We concluded the new 2021 Nissan Rogue is better in every way than its predecessor, which bodes well for its smaller sibling. Known as the Qashqai globally, the Rogue Sport is preparing to return for a second generation, and cross-referencing the images of fully camouflaged prototypes released by Nissan with the changes recently made to the bigger Rogue gives us an accurate idea of what to expect from the popular crossover when it lands.
Built on a new modular platform shared with the aforementioned Rogue, the Rogue Sport remains largely a European product. It was designed in Nissan’s studio in central London, and it was engineered at the Nissan Technical Centre Europe which, as the British spelling for center indicates, is also located in the United Kingdom. It’s lighter than the outgoing model thanks to a number of weight-saving measures like doors, fenders, and a hood made with aluminum and a rear hatch manufactured using a composite material. It’s 41% stiffer, too.
It doesn’t look like the Rogue Sport’s overall proportions have drastically evolved — stylists have seemingly resisted the urge to plow it into pseudo-coupe territory — but peeking through the psychedelic camouflage suggests it gains a more distinctive-looking front end that borrows styling cues from the full-size Rogue. Its front fascia will likely wear a sizable grille flanked by low-mounted headlights and thin LED daytime running lights. Out back, the horizontal lights remain, but they look sleeker and more contoured than the ones worn by the current model.
Nissan is keeping full technical specifications under wraps, though it said motorists in Europe will be asked to choose between a 1.3-liter four-cylinder engine equipped with mild hybrid technology and a regular hybrid system called e-Power. Gasoline-electric technology could find its way to the Rogue Sport in the United States, too.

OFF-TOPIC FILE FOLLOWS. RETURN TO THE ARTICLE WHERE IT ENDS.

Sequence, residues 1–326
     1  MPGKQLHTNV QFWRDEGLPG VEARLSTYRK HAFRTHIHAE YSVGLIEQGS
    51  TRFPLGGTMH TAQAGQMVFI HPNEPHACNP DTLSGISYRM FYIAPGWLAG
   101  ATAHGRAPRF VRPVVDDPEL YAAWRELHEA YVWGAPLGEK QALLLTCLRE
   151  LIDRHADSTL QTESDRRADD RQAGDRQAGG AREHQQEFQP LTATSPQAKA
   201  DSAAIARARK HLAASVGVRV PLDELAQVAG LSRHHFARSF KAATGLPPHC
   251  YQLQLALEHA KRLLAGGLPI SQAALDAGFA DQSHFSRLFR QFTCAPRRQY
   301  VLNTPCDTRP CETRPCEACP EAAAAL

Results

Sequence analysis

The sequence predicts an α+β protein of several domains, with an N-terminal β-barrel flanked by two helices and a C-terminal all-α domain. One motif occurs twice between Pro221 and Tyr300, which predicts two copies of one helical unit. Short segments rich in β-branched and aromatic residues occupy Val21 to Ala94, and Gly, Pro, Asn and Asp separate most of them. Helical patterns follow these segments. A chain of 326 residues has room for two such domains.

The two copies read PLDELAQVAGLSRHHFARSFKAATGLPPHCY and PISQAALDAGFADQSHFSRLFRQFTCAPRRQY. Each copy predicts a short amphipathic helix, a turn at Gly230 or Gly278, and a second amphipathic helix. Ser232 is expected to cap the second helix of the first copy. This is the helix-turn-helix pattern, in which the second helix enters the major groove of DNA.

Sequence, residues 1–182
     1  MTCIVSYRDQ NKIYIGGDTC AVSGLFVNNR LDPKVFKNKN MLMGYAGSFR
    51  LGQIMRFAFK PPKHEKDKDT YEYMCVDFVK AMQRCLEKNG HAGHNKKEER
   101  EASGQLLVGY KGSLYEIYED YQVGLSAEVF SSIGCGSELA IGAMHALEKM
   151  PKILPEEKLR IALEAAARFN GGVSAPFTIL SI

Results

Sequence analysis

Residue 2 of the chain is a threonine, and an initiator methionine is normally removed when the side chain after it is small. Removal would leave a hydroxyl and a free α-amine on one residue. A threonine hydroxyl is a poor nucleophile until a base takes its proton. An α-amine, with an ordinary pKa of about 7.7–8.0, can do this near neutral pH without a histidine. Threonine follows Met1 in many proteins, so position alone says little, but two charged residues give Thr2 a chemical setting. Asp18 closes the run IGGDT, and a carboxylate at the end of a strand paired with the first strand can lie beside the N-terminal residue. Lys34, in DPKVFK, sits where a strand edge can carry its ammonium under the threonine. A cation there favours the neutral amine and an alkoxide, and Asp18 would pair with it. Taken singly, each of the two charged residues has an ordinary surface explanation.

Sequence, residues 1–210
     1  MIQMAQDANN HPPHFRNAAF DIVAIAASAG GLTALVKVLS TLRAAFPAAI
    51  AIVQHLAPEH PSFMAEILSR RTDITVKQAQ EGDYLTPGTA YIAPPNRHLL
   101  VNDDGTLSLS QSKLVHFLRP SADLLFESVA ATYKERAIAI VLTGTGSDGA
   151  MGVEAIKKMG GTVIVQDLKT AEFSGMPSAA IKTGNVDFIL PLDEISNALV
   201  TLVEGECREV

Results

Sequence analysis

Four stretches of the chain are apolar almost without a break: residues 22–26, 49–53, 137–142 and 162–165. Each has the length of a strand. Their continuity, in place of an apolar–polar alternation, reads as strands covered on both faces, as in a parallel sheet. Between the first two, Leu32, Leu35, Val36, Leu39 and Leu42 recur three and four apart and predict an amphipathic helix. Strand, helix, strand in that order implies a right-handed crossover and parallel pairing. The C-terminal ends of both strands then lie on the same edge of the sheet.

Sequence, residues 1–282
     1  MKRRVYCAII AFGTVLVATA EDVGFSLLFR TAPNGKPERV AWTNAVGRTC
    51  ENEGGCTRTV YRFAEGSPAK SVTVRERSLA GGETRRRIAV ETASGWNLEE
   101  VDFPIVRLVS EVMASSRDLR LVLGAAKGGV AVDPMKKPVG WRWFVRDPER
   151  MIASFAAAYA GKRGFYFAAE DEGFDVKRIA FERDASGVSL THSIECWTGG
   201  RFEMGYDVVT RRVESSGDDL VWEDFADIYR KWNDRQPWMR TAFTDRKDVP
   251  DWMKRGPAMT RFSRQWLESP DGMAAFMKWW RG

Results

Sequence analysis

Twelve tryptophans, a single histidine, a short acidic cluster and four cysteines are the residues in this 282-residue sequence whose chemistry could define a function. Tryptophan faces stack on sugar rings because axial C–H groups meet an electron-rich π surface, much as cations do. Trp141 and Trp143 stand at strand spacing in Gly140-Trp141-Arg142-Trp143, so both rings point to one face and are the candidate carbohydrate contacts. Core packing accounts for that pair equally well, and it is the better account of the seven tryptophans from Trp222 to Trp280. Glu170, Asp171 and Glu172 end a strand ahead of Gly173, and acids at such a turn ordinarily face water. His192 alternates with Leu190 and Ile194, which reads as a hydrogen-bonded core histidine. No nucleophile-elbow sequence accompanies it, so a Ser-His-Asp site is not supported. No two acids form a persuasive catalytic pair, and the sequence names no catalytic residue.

Front-wheel drive will come standard, and all-wheel drive will be offered at an extra cost. Front-wheel drive models will reach buyers with a torsion beam rear axle, while the all-wheel drive system will be accompanied by a more sophisticated multi-link configuration. Interestingly, ordering front-wheel drive and the optional 20-inch alloy wheels unlocks the latter suspension. Keep in mind these specifications apply to the European market, however.
ProPilot, a suite of electronic driving aids, will be offered at an extra cost on some trim levels. It accelerates, brakes, and keeps the crossover in its lane when the right conditions are met, and it can bring it to a complete stop if needed. It’s also able to recognize speed limits, and it knows to slow down for curves and off-ramps.
Nissan will unveil the third-generation Qashqai in the coming weeks, meaning the second-generation Rogue Sport is right around the corner. We expect the crossover will reach showrooms in early 2021 as a 2022 model.